Education Agency Says Incorrect Special Ed Rules Were On Website For Four Years

Aug 23, 2017

Special education departments across Vermont may have been using the wrong rules to guide decisions over what services children receive. That's because Agency of Education officials say the wrong draft of the state's special education rules were filed with the Secretary of State back in 2013.

The State Board of Education began looking at Vermont's special education rules in 2012, after Congress adopted major changes to federal education law.

And the State Board held a series of public meetings at the time, to bring Vermont's rules in line with the new federal standards.

But Agency of Education spokeswoman Haley Dover says the wrong draft was sent to the Secretary of State, and so the wrong version has been on the agency's web page.

Dover says agency officials recently discovered the discrepancies while doing maintenance on the website.

"We found that the rules that schools have been following, based on what the state board had approved, did not match what was sent to the secretary of state's office," Dover says. "We noticed, just pretty recently, while updating links that they didn't match."

Dover says staff members who worked at the agency in 2013 have since left and she says it's not clear how the wrong version made it to the Secretary of State's office.

Many of the differences are minor; they're typos, or reflect formatting changes.

But there are five substantial discrepancies and some of them could have affected decisions made about special ed services.

For example, the new federal education law requires districts to perform additional assessments when determining services for kids in early ed programs.

The State Board adopted these procedures, but the web site had the older eligibility standards online.
 

"We found that the rules that schools have been following, based on what the state board had approved, did not match what was sent to the secretary of state's office. We noticed, just pretty recently, while updating links that they didn't match." - Haley Dover, Agency of Education Spokeswoman

Dover says the agency doesn't know how many children may have been affected.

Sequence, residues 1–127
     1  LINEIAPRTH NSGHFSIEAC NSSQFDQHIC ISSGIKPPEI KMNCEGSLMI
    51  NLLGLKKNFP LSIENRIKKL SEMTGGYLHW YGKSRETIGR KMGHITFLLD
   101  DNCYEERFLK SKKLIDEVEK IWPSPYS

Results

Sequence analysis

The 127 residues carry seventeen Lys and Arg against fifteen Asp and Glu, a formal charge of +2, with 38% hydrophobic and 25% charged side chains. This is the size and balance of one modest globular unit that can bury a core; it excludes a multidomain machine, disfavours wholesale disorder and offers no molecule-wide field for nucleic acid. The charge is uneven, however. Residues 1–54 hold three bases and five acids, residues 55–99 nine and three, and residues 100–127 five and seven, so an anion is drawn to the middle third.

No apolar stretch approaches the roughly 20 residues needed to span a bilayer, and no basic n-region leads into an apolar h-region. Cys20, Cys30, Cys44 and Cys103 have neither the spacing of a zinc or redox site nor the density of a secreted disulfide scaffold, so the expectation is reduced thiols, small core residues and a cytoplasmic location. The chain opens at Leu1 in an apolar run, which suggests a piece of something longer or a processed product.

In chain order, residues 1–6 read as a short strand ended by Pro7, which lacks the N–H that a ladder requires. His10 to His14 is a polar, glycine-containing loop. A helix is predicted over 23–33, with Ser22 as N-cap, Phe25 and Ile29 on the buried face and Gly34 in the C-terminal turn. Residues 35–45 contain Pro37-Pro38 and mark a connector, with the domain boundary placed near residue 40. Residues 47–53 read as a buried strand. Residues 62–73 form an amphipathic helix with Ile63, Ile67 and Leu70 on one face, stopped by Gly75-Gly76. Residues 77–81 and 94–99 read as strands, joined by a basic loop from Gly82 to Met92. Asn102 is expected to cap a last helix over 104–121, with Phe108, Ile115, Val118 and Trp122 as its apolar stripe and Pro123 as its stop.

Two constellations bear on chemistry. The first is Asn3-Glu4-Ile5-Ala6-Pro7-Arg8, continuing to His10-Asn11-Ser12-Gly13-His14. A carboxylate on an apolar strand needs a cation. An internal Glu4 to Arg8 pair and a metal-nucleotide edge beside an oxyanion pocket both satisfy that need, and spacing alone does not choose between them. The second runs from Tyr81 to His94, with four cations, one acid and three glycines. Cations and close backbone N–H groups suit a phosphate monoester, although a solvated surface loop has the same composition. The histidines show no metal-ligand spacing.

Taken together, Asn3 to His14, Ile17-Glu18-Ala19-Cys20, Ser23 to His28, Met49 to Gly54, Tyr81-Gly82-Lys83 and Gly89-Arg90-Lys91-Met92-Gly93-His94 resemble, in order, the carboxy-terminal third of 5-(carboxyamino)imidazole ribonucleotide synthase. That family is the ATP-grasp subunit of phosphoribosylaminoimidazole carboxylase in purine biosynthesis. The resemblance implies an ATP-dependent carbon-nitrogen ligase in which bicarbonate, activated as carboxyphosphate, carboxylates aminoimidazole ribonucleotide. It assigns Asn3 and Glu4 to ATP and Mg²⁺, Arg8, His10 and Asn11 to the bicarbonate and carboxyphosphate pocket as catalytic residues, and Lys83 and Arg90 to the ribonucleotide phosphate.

She says the impact of the inconsistencies is that parents would generally have more time and support as schools make decisions about the services their children receive.

"Actually more students could have been helped by the rules that schools have been following," Dover says. "As far as we know, no child would have been adversely affected by any of these discrepancies between the rules."

Vermont Family Network is a statewide group that advocates for children with disabilities, and in 2013 the organization helped change one of the rules so that schools have to act within 15 days to a parent request for a special ed evaluation.

Pam McCarthy is president of the group and she says the memo the Agency of Education sent out this week is confusing and it appears to water down what McCarthy thought was a clearly adopted rule change.

"What we're planning to do right now is to determine how they came to this conclusion, and also in terms of process, how it is that the secretary can sort of just say, 'Oh, we made a mistake. The rules you thought were the rules are not really the rules,'" McCarthy says. "Because it's kind of inconceivable to me that that can just happen in that way when we've been all going along for a few years now subscribing to what was there and understanding that to be working."

The agency says it's putting a new rulemaking review process in place to prevent this from happening again.

And it's asking school districts to use the corrected special ed rules.

But since the wrong version was sent to the Secretary of State, the Agency of Education has to officially make the changes through the legislative rule making process.

In the memo sent to school districts this week, Secretary of Education Rebecca Holcombe says the agency is short-staffed and that they, "will not be able to undertake another rulemaking project in the immediate future."